There are really three reason why popes have condemned (and feared) Freemasonry. First, they could not abide the thought of a man swearing an oath to keep secrets that he would not reveal in confession, where you’re supposed to reveal all. Second, they feared Freemasonry’s ability to transcend the religious beliefs that usually divide men, and its treating all faiths with equal respect, rather than holding up Catholicism as being privileged above all other faiths. But the main reason is because the Church enjoyed (and still enjoys) such immense influence over society that they fear competition from any other group. And although Freemasonry is much smaller a group than the Catholic Church, and nowhere near as fabulously rich as the Vatican, the Vatican cannot afford to allow any group to challenge its authority and primacy.

Anyone who simply relinquishes their personal responsibility and their ability to make sensible decisions to an institution (whether it’s Freemasonry, Catholicism or Scientology, for that matter) is a fool and nothing one might say will shake them out of their sheep-like state. But Catholics who parrot what some VERY fallible man in Rome might say aren’t going to convince anyone else who still has a functioning sense of reason. And remember: as “infallable” moral arbiters go, popes condemned Galileo for (correctly) promoting heliocentrism because they claimed it was “against god and nature” (oops!), Alexander VI fathered at least 7 illegitimate children while he was pope, Sixtus III and Julius IV were known to have had homosexual relations while popes.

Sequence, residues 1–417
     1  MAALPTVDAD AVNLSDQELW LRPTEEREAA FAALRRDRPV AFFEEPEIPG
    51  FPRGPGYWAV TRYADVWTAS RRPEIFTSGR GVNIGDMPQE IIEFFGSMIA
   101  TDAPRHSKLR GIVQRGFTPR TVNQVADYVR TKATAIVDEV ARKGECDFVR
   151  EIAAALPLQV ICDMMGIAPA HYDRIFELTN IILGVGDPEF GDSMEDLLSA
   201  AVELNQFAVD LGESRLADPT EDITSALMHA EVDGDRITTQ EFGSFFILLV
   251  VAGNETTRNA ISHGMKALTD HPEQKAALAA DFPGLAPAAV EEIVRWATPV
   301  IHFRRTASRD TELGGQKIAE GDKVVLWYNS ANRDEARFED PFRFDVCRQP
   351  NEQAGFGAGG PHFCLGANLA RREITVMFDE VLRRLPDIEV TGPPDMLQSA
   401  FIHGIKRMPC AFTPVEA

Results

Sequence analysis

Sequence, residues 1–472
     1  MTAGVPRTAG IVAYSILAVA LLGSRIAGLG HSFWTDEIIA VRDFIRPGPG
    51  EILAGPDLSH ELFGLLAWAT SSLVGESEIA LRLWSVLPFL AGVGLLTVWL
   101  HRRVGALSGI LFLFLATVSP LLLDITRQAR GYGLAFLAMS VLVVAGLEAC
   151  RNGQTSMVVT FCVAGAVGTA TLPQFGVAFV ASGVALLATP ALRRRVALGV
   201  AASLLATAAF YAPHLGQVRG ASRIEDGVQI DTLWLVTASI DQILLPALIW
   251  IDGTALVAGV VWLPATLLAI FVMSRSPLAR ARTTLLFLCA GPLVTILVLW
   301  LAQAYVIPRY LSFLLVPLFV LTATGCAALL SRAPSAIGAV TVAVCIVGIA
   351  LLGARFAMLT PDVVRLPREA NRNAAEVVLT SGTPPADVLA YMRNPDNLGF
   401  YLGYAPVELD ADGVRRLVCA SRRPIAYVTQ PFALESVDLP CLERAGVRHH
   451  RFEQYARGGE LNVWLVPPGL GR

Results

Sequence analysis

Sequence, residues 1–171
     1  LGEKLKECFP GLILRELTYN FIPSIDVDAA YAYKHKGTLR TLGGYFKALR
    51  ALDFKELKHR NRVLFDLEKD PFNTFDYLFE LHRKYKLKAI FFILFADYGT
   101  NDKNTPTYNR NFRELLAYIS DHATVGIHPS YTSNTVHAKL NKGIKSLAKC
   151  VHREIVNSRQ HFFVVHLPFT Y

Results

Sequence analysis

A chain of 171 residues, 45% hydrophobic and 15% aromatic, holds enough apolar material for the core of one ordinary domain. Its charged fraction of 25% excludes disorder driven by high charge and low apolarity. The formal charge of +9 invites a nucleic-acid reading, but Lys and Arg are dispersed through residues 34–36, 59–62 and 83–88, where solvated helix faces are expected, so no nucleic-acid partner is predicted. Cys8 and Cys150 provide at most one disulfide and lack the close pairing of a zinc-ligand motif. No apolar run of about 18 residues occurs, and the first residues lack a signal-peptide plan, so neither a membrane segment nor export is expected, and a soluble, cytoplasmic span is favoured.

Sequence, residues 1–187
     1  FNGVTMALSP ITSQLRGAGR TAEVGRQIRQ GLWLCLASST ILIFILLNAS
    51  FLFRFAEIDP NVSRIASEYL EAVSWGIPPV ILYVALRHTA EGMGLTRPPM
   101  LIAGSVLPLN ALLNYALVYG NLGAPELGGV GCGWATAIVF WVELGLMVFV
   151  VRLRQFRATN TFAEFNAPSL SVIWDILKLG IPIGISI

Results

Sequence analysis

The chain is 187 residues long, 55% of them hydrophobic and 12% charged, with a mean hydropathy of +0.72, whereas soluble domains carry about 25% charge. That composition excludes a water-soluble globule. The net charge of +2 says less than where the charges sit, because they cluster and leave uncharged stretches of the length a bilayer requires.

In short: while the pope is the nominal head of the Catholic Church, Catholics would be wise to not take everything he says as “gospel”; history has proved that false (and often embarrassingly so) too many times.

53 Andreas November 25, 2013 at 8:35 am

@Andy your first comment was a perfect representation of what a Masonic brother should be so well said.
In general, a lot of people don’t have the slightest idea of what freemasonry is and seem to get their information from a 1980′s National Inquirer……your duty to yourself is to educate yourself the best way you know how but with honesty.

54 Dan December 4, 2013 at 9:52 am

To expand on Robert’s point, there was a letter sent, privately but leaked, that relaxed the abosute ban in 1974. In 1981, there was a memo sent to members of clergy denying it, and reaffirming the absolute ban. In 1983, and this is key, the Catholic Church changed it’s Code of Canon Law to remove the word “Freemasonry” and similar dirivatives, formally removing the absolute ban. However, that same year, the Vatican reaffirmed the absolute ban (even though it’s not listed in the law). In 2000, Father Thomas Anslow, a Judicial Vicar, verbally indicated a more permissive and relaxed attitude. He rescinded in 2002.

Basically, what I’m getting at, is the Catholic Church has been known to change its mind on the issue several times over. We’re also talking about the current pope that, when asked about gays, he responded “Who am I to judge?” Keep that in mind, since homosexuality, as perceived by most, is written as a sin in the Bible.